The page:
A Fan of Flannel
The Anthony Sinclair flannel suit attracts attention. 'Dr No' (1962)
Sean Connery's Bond was a fan of flannel. Throughout his tenure as the world's favourite secret agent, Connery worked the soft woollen cloth into the wardrobes of all of his 007 movies - except 'You Only Live Twice' (1967), as the summer weather in Japan was too hot for the warm fabric... something that he discovered on arrival in Jamaica (pictured above) for his first cinematic assignment in 'Dr No' (1962).
FROM RUSSIA WITH LOVE
A handsome combination. 'From Russia With Love' (1963)
For the cooler months in temperate climates, flannel is the perfect choice. Not only is it supremely comfortable to wear, it is arguably the most handsome of all suiting fabrics, particularly when tailored into Anthony Sinclair's classic Conduit Cut. It has a subdued, matte finish that, when paired with a solid Cocktail Cuff Shirt, plain Grenadine Necktie and neatly folded White Linen Pocket Square, creates a timeless, understated look that helped define Bond style. It stands testament to the maxim that, "less is more".
Earning his stripes. 'From Russian With Love' (1963)
In addition to a vast range of solid colours, flannel suitings are available in striped and checked patterns. Amongst the most popular designs are Chalk Stripes. The 'brushed' surface of the cloth has the effect of softening the definition of a pattern. This works to wonderful effect on a chalk-stripe design, particularly when there is a strong contrast between the stripe and the background - the pattern can literally appear to have been applied by tailor's chalk.
Getting his kicks. 'From Russia With Love' (1963)
The softness of flannel cloth offers ease of movement, making it both comfortable and practical - should there be a sudden need for unexpected, energetic activity. Whilst not the hardiest of cloths, it stands up to general wear and tear, and recovers well to treatment for cuts and abrasions.
Risking the wrath of 'M' with brown in town. 'Goldfinger' (1964)
For his third appearance as 007, in Goldfinger (1964), Connery became a little more adventurous with his flannel finery - not only choosing to wear brown (in town) but also making the addition of a contrasting waistcoat. The jacket and trousers were made from a small-scale, dark-brown houndstooth (often referred to as puppy-tooth).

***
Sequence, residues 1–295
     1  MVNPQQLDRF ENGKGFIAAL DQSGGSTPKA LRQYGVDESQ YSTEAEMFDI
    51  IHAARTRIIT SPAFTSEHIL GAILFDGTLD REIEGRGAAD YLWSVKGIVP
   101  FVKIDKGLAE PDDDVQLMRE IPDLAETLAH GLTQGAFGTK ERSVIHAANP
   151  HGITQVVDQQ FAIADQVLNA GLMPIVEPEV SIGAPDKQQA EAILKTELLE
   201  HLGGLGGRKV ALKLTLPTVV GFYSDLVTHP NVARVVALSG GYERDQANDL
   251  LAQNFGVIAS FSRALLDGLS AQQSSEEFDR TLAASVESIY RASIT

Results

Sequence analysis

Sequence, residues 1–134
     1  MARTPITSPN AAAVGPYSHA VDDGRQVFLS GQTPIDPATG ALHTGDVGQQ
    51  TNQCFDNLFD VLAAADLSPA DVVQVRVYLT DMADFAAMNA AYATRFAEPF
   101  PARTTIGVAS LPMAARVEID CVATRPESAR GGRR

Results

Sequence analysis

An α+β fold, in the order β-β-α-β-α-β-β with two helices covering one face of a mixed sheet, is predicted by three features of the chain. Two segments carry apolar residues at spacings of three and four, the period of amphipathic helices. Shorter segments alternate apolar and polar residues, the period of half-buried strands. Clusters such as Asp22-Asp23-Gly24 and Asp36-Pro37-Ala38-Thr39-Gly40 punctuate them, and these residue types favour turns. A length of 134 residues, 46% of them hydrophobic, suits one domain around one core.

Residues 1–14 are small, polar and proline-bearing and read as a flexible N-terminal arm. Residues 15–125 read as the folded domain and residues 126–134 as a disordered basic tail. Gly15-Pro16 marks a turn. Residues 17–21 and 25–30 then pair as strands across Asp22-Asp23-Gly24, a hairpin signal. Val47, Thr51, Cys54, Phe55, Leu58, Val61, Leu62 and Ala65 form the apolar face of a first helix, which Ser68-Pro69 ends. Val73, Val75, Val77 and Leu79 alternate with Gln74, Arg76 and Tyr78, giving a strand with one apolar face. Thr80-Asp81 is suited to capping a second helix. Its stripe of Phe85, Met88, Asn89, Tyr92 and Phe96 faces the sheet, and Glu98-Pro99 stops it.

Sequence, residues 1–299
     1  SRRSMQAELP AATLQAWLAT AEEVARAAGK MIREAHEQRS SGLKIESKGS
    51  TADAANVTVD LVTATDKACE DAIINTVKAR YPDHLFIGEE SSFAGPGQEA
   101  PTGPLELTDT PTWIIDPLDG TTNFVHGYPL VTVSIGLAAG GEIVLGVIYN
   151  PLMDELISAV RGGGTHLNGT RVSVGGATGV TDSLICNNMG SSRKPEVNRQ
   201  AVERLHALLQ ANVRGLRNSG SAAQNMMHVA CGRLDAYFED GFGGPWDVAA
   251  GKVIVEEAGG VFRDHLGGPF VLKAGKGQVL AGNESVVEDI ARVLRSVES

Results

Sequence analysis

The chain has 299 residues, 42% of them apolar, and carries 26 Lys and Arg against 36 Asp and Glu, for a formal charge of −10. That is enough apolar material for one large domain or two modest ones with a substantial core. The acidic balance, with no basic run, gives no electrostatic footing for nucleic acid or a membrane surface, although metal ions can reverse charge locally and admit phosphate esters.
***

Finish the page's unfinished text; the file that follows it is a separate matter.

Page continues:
Moneypenny becomes a fan of flannel. 'Goldfinger' (1964)
As with the chalk-stripe, the flannel's brushed-finish blurs the edges of the design, creating a subtlety to the pattern, which in turn blends nicely with the lighter coloured flannel vest. The combination was a controversial choice for a London office-meeting, but it is an undeniably attractive outfit.
Anthony Sinclair Puppy-Tooth Flannel Suit with Solid Flannel Waistcoat
Keeping it simple. 'Goldfinger' (1964)
In the final scene of Goldfinger, Bond returns to formality for a supposed meeting with the President of the United States. The three-piece charcoal-grey Conduit Cut suit illustrates the use of flannel cloth in its most elegant guise.
Flannel. Standing up to general wear and tear. 'Goldfinger' (1964)
This most sober of suits is worn with a black tie, white shirt and pocket square, to dramatic effect. It is a prime example of how to keep it simple, yet serious, creating a look for men who mean business (usually followed by pleasure).
Flannel. Elegant and refined. 'Thunderball' (1965)
Having closed the Goldfinger film in a three-piece grey flannel suit, Bond opens the sequel in another. The flannel worn in 'Thunderball' (1965) is similar to that worn in the previous film, and appears to be equally useful in a wrestling match. It is a shade lighter in colour, woven with a mélange yarn that produces a slightly mottled effect, showing flannel cloth in its most recognised and popular form.
Flannel. Responds well to treatment for cuts and abrasions.
The most significant difference between the Goldfinger and Thunderball grey-flannel suits is the styling of the waistcoat, with the latter having the points removed from the hem to create a square front - a design that became increasingly popular in the late sixties.
DIAMONDS ARE FOREVER
Connery comfortable in Conduit Cut. 'Diamonds Are Forever' (1971)
As mentioned earlier in the article, Connery abandoned his flannel clothing for the filming of 'You Only Live Twice' (1967), before abandoning the role of 007 altogether. Following a brief sabbatical, he returned in 'Diamonds Are Forever' (1971) - as did the flannel suit. The black three-piece suit was Bond's appropriate choice for the funeral scene - no risky experiments with shades of brown on this occasion.
Flannel needs a degree of care... but it's worth the effort.
Flannel is arguably at its most magnificent in solid black, with the matte finish absorbing all elements of light. Admittedly, such a dark, soft fabric can tend to pick up lint, requiring a little more maintenance than lighter tones, but there is nothing to worry about if you have someone to provide occasional assistance.
All of the flannel suits featured in this article have been recreated as part of a 60-piece collection of essential spy-wear to celebrate six decades of Bond style.
Click here to view collection.